The Guardian has embarked on a curious little two-part project in the last couple of days. First, an article picking up Brian Paddick‘s policy of putting a guard on a carriage of every tube train after 9pm. To the Guardian’s ears, this means “women friendly tube carriages”:
Women-friendly train carriages with guards on duty after 9pm would be introduced across London’s underground network as part of a radical raft of transport measures to be unveiled today.
Brian Paddick, the Liberal Democrat’s mayoral candidate, says every tube running at night should have a clearly marked carriage with a uniformed guard in direct contact with the police.
At the launch of his transport manifesto at Vauxhall bus station in south London the former police commander will also announce plans to put teams of police guards on the late-night buses that have the worst record for violence and antisocial behaviour.
It wasn’t an explicitly sex related policy, but to be fair, Brian is quoted as saying:
“Some people are put up off travelling by public transport at night because they don’t feel safe,” Paddick told the Guardian last night.
“Many women have told me they would feel reassured if there was a uniformed presence on tubes and buses after the evening rush hour.
“Talking to many women, they have told me that they do not feel safe on public transport at night but can’t afford taxis, so are being forced to stay at home, which is simply unacceptable.”
So part one: Make a policy (designed to put a guard on tube trains so people who feel unsafe have somewhere to go) into a policy for “women friendly” carriages, and raise the issue of women-only carriages by illustrating the story with a picture of a women-only carriage on the Tokyo tube.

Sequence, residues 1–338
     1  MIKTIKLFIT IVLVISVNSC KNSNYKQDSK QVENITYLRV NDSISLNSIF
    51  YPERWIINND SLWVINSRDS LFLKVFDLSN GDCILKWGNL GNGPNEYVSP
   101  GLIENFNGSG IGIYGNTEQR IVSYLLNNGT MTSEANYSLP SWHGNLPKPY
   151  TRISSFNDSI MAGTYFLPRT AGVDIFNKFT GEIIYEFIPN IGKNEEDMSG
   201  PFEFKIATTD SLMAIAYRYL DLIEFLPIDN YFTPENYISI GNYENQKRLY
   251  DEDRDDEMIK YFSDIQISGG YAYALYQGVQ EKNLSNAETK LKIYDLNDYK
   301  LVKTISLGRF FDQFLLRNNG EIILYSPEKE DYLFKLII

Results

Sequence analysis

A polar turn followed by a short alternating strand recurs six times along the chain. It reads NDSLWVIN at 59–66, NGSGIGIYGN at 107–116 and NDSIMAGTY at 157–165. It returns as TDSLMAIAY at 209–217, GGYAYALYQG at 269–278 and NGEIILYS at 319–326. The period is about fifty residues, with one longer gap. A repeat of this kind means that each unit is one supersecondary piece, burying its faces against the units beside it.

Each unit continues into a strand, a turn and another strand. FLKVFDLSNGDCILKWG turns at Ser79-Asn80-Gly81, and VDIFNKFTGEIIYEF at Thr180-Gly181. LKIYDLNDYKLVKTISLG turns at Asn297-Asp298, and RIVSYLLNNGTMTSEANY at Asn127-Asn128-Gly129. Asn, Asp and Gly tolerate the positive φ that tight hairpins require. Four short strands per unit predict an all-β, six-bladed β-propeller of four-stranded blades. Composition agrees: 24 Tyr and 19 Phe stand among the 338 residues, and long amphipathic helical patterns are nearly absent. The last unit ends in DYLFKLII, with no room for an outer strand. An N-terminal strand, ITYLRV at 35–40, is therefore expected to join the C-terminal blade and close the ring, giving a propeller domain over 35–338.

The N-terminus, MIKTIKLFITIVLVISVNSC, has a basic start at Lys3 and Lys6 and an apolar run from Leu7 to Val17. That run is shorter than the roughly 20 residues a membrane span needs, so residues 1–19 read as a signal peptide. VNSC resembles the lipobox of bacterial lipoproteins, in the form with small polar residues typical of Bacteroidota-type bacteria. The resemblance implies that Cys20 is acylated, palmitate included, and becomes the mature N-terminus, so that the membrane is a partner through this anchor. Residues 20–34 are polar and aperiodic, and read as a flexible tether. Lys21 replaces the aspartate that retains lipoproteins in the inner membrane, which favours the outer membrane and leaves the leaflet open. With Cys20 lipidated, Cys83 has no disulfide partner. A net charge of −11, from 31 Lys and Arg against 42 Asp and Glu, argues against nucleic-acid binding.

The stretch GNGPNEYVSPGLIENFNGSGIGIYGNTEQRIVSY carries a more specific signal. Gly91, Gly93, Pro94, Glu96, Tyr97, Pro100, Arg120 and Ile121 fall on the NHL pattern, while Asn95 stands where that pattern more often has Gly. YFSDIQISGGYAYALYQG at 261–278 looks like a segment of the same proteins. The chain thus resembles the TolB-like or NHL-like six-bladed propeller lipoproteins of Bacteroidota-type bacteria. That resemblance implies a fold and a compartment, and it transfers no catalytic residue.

Part two: Seemingly rabid feminist Bidisha writes an absolutely barking opinion piece on CiF, where she elides Paddick’s policy with all-women carriages without a care in the world. Under the headline
In praise of ladies’ trains
Brian Paddick’s idea is laudable, but segregation won’t solve the problem of men behaving badly
she wrote that
“The Liberal Democrat’s London mayoral candidate yesterday proposed “women-friendly” carriages across the capital’s underground network, policed by guards after 9pm, an idea similar to the women-only train carriage scheme that operates in Japan.”
This is only in the slightest bit true if there was any intention in Paddick’s policy of creating segregated carriages. Which there wasn’t, as far as I know. She continues:
It’s good that Paddick has raised this as an issue because it shows his recognition that groping and verbal harassment are sex crimes, not simply a part of the merry pageant of life in which one encounters all sorts of quirkily eccentric characters to write home about. But is policed or segregated night-time transport really the answer?
So having told us this is designed to be a solution to sexism (which it isn’t), we are now to be treated to a whole piece on why it isn’t a good solution to this problem (well duh).
For all his good intentions, Paddick hasn’t understood the nature or extent of harassment. Does he think that all sex criminals do Sudoku puzzles during the day then come out on the dot of nine, taking up their posts in dark corners and train stations? Most of the harassment I have experienced, witnessed and heard about occurred in daylight hours …